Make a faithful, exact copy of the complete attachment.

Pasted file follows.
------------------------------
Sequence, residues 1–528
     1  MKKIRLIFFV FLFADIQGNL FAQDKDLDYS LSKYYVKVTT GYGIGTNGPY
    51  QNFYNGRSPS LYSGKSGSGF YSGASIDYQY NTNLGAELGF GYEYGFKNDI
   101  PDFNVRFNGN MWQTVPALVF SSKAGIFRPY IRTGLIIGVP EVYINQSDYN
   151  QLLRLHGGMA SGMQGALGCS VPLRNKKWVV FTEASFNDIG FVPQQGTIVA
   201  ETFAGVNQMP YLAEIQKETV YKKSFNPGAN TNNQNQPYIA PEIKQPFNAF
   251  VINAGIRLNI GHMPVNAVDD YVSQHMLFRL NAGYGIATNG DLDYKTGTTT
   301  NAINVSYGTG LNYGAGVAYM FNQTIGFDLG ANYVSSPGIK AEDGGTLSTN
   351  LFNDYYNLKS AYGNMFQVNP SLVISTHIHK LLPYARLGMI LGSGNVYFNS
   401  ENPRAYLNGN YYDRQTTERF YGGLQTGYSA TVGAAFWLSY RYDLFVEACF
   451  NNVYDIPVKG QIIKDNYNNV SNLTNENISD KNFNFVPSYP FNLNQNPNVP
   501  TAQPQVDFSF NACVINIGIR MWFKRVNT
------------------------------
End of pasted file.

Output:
Sequence, residues 1–528
     1  MKKIRLIFFV FLFADIQGNL FAQDKDLDYS LSKYYVKVTT GYGIGTNGPY
    51  QNFYNGRSPS LYSGKSGSGF YSGASIDYQY NTNLGAELGF GYEYGFKNDI
   101  PDFNVRFNGN MWQTVPALVF SSKAGIFRPY IRTGLIIGVP EVYINQSDYN
   151  QLLRLHGGMA SGMQGALGCS VPLRNKKWVV FTEASFNDIG FVPQQGTIVA
   201  ETFAGVNQMP YLAEIQKETV YKKSFNPGAN TNNQNQPYIA PEIKQPFNAF
   251  VINAGIRLNI GHMPVNAVDD YVSQHMLFRL NAGYGIATNG DLDYKTGTTT
   301  NAINVSYGTG LNYGAGVAYM FNQTIGFDLG ANYVSSPGIK AEDGGTLSTN
   351  LFNDYYNLKS AYGNMFQVNP SLVISTHIHK LLPYARLGMI LGSGNVYFNS
   401  ENPRAYLNGN YYDRQTTERF YGGLQTGYSA TVGAAFWLSY RYDLFVEACF
   451  NNVYDIPVKG QIIKDNYNNV SNLTNENISD KNFNFVPSYP FNLNQNPNVP
   501  TAQPQVDFSF NACVINIGIR MWFKRVNT